On September 8th, Google unveiled the latest and greatest in search technology. It started with a ton of hype, with the search giant sending an email to reporters and tech journalists saying it was an event they “didn’t want to miss”. Did it live up to expectations? Oh, yes it did.
What is it?
Google Instant aims to take some time off the average 9 seconds it takes for a searcher to query any given term. Using a technologically innovative AJAX interface, it displays query results almost instantly without having to hit “search”. The focus is on providing useful, relevant results to the user in a minimal amount of time.
Impact on users
After entering just one or two letters, it displays a results page directly under the search box. Users are able to quickly and easily get suggestions on what to search for based on Google predictions. Predictions are based on popularity, and, from what we’ve seen here at Johnson Direct, personalized and local search. As a brief example, anyone in the Milwaukee, WI area searching for “s” will get “summerfest” as the first result, whereas anyone outside the area would most likely get “sears”.
Impact on marketers
Marketing 101 would say that if you want to get in front of users then optimizing for shorter length keywords will produce far greater results than longer-term traffic with 4 or more words. Not so fast. We’ve written at length before about developing optimized web content and a new Conductor research report shows the same holds true after Instant: relevancy is still king.
Looking at the compiled results above, we can see that not much has changed in terms of visits by keyword length. Shorter term traffic in the sample has remained constant, as has traffic with 4 or more words. Results were compiled from 10 high-traffic Conductor client websites across multiple verticals before and after Instant’s launch. While 10 high-traffic websites doesn’t say much about search results as a whole, it’s safe to say that the results do indeed have meaning.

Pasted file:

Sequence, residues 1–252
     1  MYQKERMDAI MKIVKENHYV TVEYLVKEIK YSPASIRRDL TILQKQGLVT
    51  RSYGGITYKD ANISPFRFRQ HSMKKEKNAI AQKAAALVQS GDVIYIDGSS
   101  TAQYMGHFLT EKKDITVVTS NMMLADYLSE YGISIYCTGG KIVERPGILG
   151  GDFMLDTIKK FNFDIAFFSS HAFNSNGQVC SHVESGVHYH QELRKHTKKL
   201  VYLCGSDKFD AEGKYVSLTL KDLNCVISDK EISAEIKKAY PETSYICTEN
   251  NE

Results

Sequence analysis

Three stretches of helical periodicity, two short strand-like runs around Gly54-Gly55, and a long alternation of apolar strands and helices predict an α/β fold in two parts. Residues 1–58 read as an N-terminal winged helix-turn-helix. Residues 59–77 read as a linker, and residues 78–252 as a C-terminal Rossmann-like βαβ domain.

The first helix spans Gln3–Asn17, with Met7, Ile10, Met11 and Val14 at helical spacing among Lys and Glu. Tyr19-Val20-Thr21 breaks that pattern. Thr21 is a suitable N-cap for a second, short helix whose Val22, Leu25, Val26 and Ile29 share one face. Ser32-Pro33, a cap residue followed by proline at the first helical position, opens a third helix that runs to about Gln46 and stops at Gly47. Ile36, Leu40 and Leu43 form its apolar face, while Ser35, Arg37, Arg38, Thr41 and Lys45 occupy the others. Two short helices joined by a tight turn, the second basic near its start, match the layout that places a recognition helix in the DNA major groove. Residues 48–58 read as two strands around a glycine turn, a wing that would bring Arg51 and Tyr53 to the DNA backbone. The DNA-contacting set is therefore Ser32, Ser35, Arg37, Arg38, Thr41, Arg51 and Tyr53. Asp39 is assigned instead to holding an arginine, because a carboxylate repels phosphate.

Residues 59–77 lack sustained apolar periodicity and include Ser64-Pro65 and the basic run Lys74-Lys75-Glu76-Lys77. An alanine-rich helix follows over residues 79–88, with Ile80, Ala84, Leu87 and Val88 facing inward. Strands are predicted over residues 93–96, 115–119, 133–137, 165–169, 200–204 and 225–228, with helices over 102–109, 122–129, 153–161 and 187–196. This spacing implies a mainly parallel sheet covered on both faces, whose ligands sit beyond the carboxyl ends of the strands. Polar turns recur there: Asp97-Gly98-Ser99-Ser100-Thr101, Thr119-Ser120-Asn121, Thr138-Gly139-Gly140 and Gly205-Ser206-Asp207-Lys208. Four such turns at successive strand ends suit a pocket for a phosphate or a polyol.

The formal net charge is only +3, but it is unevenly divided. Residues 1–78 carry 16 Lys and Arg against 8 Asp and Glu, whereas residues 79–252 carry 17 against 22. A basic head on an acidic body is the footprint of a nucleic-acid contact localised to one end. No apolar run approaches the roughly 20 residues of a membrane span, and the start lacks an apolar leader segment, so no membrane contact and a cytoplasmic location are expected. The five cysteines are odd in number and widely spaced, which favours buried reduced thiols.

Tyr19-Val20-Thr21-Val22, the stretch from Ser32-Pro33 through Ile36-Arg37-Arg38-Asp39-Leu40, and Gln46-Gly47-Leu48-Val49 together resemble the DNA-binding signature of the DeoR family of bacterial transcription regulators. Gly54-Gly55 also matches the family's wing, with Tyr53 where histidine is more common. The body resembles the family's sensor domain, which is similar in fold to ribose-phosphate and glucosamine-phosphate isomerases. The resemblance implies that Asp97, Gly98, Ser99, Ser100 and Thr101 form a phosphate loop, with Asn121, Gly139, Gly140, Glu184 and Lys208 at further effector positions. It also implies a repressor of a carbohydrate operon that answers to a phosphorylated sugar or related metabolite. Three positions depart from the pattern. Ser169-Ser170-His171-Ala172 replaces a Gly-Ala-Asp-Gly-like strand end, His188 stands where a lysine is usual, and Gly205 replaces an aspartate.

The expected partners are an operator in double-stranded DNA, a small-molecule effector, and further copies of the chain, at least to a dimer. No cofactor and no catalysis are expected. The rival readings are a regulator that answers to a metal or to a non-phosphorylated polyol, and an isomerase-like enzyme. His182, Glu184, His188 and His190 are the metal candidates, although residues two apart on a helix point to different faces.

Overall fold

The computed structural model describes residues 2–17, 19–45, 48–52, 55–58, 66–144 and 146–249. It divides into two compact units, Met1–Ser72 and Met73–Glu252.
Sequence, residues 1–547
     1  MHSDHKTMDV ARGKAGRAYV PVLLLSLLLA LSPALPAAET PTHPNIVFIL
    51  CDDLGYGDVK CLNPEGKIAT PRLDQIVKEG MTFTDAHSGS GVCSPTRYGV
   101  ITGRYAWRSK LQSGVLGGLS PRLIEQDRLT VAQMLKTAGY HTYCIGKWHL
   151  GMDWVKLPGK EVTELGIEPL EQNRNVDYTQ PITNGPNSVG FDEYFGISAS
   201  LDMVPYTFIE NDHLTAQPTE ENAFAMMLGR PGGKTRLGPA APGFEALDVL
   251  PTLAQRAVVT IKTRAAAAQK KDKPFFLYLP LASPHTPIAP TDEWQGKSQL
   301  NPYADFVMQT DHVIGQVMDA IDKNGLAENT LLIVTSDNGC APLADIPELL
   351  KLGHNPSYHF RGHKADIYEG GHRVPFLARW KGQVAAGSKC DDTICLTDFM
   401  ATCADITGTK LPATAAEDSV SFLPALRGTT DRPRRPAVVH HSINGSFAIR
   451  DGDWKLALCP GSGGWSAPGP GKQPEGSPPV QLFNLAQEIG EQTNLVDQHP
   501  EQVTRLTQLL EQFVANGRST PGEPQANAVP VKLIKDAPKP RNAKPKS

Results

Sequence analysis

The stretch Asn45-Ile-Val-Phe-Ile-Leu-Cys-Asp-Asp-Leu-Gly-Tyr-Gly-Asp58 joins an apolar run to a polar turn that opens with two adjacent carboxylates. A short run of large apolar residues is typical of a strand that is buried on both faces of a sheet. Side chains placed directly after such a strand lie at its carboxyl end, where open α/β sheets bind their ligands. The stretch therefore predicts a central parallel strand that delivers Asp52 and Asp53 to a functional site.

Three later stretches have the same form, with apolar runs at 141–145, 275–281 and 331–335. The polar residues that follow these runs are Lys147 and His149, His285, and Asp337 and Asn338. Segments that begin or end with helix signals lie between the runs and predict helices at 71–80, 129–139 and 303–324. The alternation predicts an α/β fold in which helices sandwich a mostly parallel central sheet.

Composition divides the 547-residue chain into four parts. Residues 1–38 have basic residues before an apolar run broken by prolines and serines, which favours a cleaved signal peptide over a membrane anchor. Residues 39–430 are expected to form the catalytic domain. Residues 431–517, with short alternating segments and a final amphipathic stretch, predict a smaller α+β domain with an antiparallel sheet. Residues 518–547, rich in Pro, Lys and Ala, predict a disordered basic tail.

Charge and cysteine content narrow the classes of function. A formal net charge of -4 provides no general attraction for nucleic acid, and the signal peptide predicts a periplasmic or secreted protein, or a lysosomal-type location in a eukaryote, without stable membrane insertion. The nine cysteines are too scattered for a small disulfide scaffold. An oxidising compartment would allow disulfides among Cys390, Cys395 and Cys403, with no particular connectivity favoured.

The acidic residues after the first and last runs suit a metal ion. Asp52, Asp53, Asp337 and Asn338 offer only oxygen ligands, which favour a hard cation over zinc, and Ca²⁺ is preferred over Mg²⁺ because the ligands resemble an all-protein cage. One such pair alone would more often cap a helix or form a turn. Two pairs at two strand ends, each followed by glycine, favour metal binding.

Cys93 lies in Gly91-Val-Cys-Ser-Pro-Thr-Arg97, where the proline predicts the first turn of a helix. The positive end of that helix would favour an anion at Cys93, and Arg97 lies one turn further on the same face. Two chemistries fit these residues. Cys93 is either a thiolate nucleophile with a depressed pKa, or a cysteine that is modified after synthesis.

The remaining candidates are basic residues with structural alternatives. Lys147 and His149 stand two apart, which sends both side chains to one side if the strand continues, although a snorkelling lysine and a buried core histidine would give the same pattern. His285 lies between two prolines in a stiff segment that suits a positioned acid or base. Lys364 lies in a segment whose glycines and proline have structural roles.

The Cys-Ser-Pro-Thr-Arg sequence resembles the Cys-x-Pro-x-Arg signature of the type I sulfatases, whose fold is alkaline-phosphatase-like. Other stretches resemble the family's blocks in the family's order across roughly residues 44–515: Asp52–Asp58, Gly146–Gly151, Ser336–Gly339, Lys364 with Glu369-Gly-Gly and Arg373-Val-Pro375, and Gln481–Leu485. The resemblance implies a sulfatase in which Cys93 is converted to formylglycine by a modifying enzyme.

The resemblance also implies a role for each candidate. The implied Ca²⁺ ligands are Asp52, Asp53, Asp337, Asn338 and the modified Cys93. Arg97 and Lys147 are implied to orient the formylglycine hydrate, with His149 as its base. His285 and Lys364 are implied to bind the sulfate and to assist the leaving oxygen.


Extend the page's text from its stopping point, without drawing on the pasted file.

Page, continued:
So wait, what should we change in our strategy to adapt?
The short answer is: nothing. As with any change in the Google algorithm, you need to analyze how it’s affecting your website. Don’t focus on aggregate data like the info graphic above. Sure, as a whole, Google Instant may not negatively impact your search strategy but I’m sure there are some cases where websites are getting the short end of the stick (see Google May Day Update).
The best advice we can give is to follow the same principles you have in the past:
- Ensure your site has an intuitive information architecture and clean URL structure
- Focus on developing relevant, informational content for your users
- Optimize on-page elements like title tags, page headings, and meta descriptions
- Build a competitive link portfolio by distributing content and sharing on social networks